Electra by Mary Catherine Curley
Before they found Ryan dead in his apartment; before he moved to Boston (even though he’d always talked about New York); before he got a job at Walgreens and spent nights lit up by fluorescent bulbs that darkened the crescents under his eyes; before he stopped coming home to Vermont for Christmas and we stopped calling him when we got together to drive the back roads; before he started posting black and white self portraits on his Facebook that made him look beautiful, broken, and too skinny; before he graduated high school and broke up with Kyle; before we burst out of Club Electra, laughing and panting in the gravel parking lot; before we commanded the dance floor on 18-and-under night, while the rest of the under-18s milled the shadowed edges of the place looking for flasks or a ride to a real party, leaving Ryan and I each a good ten feet to power slide across the floor towards each other making Naomi Campbell faces; before we screamed over the music to each other, over and over, You look beautiful!; before Ryan kicked his leg above his head and sank into a split like a Rockette; before I danced around him madly, with no skill but a willingness to humiliate myself for even a fleeting love, loyalty enough to last me to the grave; before we pulled off the highway onto a back road that led us to what looked like a warehouse, and we stepped gingerly out of the car, dressed in what we thought was fabulous, me and Nichole smeared in body glitter, Ryan and Kyle in deep v-necks and gel-swept hair—before all that, Ryan sat in the passenger seat with his socked feet up on the dashboard, on the long highway ride to Electra.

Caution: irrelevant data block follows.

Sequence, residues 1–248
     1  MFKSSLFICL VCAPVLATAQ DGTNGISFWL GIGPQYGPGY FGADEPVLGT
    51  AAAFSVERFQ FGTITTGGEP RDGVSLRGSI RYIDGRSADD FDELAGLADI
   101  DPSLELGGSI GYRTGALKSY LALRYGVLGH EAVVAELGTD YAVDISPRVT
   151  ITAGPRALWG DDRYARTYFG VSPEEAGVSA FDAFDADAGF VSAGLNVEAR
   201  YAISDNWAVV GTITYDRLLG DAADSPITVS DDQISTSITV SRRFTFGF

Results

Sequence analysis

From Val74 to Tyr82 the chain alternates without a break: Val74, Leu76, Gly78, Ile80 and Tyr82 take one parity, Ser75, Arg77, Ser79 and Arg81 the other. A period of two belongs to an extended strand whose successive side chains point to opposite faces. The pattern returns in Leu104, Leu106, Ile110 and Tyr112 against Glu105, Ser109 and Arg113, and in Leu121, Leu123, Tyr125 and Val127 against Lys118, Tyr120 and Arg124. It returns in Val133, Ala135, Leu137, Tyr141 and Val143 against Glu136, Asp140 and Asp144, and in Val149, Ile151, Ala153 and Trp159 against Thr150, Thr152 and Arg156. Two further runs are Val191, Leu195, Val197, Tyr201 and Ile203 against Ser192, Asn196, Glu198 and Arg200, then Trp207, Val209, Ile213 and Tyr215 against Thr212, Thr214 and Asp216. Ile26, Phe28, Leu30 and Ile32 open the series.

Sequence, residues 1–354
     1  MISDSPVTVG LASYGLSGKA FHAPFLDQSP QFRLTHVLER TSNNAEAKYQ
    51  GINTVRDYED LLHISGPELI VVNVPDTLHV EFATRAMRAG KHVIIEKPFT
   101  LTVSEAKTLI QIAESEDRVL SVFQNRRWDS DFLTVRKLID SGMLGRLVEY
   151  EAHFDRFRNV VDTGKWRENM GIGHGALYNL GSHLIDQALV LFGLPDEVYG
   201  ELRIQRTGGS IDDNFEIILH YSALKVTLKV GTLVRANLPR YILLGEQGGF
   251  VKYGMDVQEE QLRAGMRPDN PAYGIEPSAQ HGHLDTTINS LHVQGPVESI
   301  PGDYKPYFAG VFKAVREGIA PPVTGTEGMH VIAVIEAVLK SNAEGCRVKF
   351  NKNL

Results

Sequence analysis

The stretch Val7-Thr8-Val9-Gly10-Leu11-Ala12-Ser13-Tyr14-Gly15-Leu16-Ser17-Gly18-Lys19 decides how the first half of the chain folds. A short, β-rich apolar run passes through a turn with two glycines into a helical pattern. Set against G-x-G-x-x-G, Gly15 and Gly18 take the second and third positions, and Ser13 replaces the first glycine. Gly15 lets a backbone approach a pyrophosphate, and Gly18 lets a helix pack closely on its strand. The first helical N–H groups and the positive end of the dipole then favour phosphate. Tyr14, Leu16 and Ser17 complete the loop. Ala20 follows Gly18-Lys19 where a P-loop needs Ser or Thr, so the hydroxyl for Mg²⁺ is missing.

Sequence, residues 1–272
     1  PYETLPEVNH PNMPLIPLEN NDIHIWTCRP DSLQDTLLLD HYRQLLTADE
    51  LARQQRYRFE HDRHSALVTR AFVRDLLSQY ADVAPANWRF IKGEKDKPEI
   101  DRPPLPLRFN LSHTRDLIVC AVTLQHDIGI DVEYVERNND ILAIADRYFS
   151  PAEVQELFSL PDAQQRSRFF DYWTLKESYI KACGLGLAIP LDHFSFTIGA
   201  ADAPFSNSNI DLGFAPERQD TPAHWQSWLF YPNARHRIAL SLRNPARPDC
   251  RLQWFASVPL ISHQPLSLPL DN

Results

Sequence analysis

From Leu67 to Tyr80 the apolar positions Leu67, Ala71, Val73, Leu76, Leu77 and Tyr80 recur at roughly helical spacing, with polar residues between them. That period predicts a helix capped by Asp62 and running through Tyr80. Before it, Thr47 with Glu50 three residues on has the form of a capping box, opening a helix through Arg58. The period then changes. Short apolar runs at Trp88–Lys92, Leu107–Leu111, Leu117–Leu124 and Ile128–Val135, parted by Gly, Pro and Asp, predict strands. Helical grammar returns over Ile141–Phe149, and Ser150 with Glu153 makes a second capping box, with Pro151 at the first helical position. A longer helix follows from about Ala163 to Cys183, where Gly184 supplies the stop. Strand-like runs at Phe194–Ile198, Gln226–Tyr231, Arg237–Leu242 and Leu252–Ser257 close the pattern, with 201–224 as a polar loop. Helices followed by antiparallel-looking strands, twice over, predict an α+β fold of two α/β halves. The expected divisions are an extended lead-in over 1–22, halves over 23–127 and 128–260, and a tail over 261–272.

The moonlight made his clean socks glow: our car’s own small moons. I remember how much Ryan and Kyle seemed like parents in the front seats, the first time I’d ever thought that about a couple my age—when Nichole and I slid into manic falsetto, screaming along to the radio, Kyle declared: “I will pull this car over if you two don’t stop screaming.” Ryan glanced over his shoulder at us the same way my mom always did in the middle of my father’s tirades, giving us a conspiratorial smile. For a moment, we stared back at him, transfixed. He frowned, reached up and patted his hair.
“How do I look?” he whispered.
“Beautiful,” we said. “God, you look beautiful.”
Mary Catherine Curley grew up in the shadow of a nuclear reactor in Vermont. She received her MFA from Hollins University, where she was a teaching fellow. Her work has appeared in Monkeybicycle, Barrelhouse, River & Sound Review, and Eleven Eleven Review, among others. Her story “Elbows” was chosen by Danielle Evans as one of the Wigleaf Top 50 Short Fictions of 2012.